In a recent Entertainment Weekly interview, Viola Davis admits to initially having reservations about taking on this role, with similar feelings about the potential one-dimensional depiction of black maids, “because a white woman was writing what I felt was our story, and once again she’s going to get it wrong and she’s only going to skim the surface.” However, “ultimately the story, and what she calls the deep humanity of the characters, won her over. ‘That’s what people bristle at: the maids,” she says. “I’ve played lawyers and doctors who are less explored and more of an archetype than these maids.’” (http://insidemovies.ew.com/2011/08/11/black-women-historians-come-out-against-the-help/). Further, as there are limited roles for strong, adult black women in film today, she was proud to play such a strong, honest character. It’s somewhat ironic that the role which allows her play just that is as a black maid in 1960s Mississippi. Miss Davis, however, brings strength, courage and nobility to her character. There is a quiet grace in the way in which she depicts the proud yet oppressed Aibileen who, despite knowing her place in society, has always strived for a better life and insisted on being more than others told her she could be. Her most touching moments are when she is caring for Mae Mobley, the young daughter of her employer, Elizabeth. The mantra she teaches Mae Mobley is “You is smart. You is kind. You is important.” Elizabeth is unable to care for her daughter in the way she deserves and Aibileen steps in and takes on the role of mother to the toddler and teaches her compassion and love, something in which she wishes so dearly could be something the world would show her.
Is seems as though there have been a lot of television shows and films emerge recently about the 1960s (Mad Men, The Help, the upcoming television shows, Pan Am and The Playboy Club). They also all seem to be there to say something about our current society rather than just being a retrospective. The 1960s was, as much as we romanticize and nostalgize about it, was a time of great social unrest and insecurities. It also is a good allegory for our current social and political situation in 2011. Civil Rights for minority groups is still an issue, with conservative politicians thinking they can discriminate against and be heartless towards others just because they are different. Just substitute Gay Rights for Black Rights and you’ve got a very similar situation. Unfortunately in the last 50 years we have not come all that far in our compassion for minority groups, and whether or not The Help meant to highlight that, it definitely succeeds in doing so.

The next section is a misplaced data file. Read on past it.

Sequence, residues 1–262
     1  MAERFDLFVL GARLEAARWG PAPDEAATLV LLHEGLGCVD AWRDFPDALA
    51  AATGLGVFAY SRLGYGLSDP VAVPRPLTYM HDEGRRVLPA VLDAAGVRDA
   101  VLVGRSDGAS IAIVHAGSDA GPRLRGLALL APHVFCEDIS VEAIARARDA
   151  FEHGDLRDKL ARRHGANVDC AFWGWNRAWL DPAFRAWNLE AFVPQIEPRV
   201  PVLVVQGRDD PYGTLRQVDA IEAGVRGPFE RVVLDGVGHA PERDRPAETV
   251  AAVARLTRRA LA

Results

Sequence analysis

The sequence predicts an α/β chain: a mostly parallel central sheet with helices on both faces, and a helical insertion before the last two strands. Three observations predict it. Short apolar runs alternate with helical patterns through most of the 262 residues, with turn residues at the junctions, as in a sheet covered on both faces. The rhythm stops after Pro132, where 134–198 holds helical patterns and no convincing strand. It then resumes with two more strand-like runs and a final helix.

The film offers an important lesson for how we should be treating others in our modern, supposedly enlightened and liberal, society. “Aren’t you tired, Miss Hilly” are words Aibileen spoke to Hilly Holbrook right after her last attempt to assert her dominance over her. In that moment Aibileen might as well have said “Aren’t you tired, Miss Palin” or “Miss Bachman” or any other tea party conservative who, under a fallacious guise of being a patriot, seem to imply that the only way to be loyal to America is by discriminating against others.
Moreover, the message of the film on a number of levels is about pride in oneself despite external forces telling you otherwise. At the heart of the narrative, and the focus of the message, is of course one of civil rights. The black maids find empowerment in telling their stories and realizing they have something to be proud of. They do have a voice even if society at large is telling them otherwise. The characters that don’t find their voices are the ones that suffer, for instance Elizabeth Leefolt never learns to stand up to the overbearing Hilly and therefore loses the one woman in her life who could have taught her compassion and love for her children. Celia Foote learns is empowered by Minny to be a good wife and homemaker for her husband and not to be defined by the way the other women treat her. Even Skeeter learns to step out from under her mother’s criticisms to find her place.
The real lesson of The Help, and one which I think is as important today as it was in the height of the civil rights movement of the 1960s, is that as a country we need to be united to strengthen ourselves and our communities. The divisive words from pundits and politicians on both the left and the right side of the political spectrum is not helping our society. The only way we can be the strong, empowered nation that has made us great in the past is to put our differences behind us and unite to help each other.